A Cat, A Trap, and a Saber, Or In Which One Thing Leads to Another

I headed home a few days ago after being out and about, and as I turned down my little road, there was a woman walking on the side of the road near the shade tree club.  The club had done a good business that day, what with it being Labor Day, or UnLabor Day, at this particular club.  The woman was carrying a can of beer, unopened, and was strolling about on the side of the road, trying to evade a black cat. 

Now this just looked like a story waiting to be told.  The cat kept following her, and she side-stepped, and stopped, and started, and generally was unsuccessful in eluding the cat who seemed intent on staying with her.  I rolled down the car window, and asked if the cat was hers.  I didn’t recognize it as one that frequents my feral cat feeding station.

She said that the cat was not hers, but had recently started coming to her house and sitting on her very porch, and she fed it.  I asked if I could take the cat to get it fixed, not that it appeared broken, and she said that was fine because the cat was not hers.  I told her I’d go right home and get a trap. Which I did. 

I just happened to have some delicious canned cat food in the car, because after all, it’s hurricane season, so why wouldn’t I have canned cat food, a plastic shower curtain, a car vacuum cleaner, a saber, and a brick in my car.  I baited the trap, and the friendly cat walked right in.  The woman said that there were cats, lots of cats, that lived on the end of the next road over, where some woman who fed cats moved away, and there must be a hundred cats there.  I asked her if I could catch them and get them fixed – would anyone mind?  She said she didn’t think that anyone would care, and we agreed to meet the next evening to drive over to check out the cats.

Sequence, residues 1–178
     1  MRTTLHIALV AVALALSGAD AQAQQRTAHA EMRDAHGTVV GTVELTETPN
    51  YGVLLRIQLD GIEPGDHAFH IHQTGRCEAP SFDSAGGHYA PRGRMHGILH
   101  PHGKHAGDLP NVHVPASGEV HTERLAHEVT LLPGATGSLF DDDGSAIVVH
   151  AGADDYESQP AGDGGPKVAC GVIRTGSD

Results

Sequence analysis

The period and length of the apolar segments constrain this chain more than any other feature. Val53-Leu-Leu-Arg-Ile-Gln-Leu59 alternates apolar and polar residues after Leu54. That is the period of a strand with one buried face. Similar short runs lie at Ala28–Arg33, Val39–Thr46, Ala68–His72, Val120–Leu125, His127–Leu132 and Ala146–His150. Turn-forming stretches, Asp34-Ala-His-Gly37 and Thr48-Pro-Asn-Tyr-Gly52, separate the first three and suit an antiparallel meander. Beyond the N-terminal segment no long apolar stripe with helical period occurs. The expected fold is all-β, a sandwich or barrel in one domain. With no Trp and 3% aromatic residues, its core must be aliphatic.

I got Mr. FussyPants cat relocated to a crate until I could get him to the spay-neuter clinic, and the next evening I headed over to Sondra’s house, for that was the name of the side-stepping lady.  We drove to the end of the next road which opened out into a little enclave of houses, trailers, and double-wides.  Sondra’s niece lived near the end, and the niece said that the cats didn’t belong to her, but to go check over at Mr. Lemuel’s house at the end of the road. 

It was getting dusk, and Sondra said that Mr. Lemuel was close to a hundred years old, and indeed the house had a long ramp leading to the screened-in porch on the front of the double-wide.  I waited on the ramp while Sondra knocked on the front door, and while we waited, I could see someone in a what was probably a bedroom move a curtain to one side to peer out.  I imagined that they would be startled to see a white woman standing on their ramp at dusk. 

An elderly woman with a walker answered the door, and Sondra introduced me, and I explained that I lived nearby on Resurrection, and did she have cats that I could have fixed?  She said that she didn’t know how many cats there were about, and that she didn’t want them returned.  Sondra, by that time, was into the mission, and she told the woman that the cats wouldn’t be able to have any more kittens, and the woman agreed that I could set traps there, have the cats fixed and vaccinated, and then return them.  She seemed happy that someone had come to help.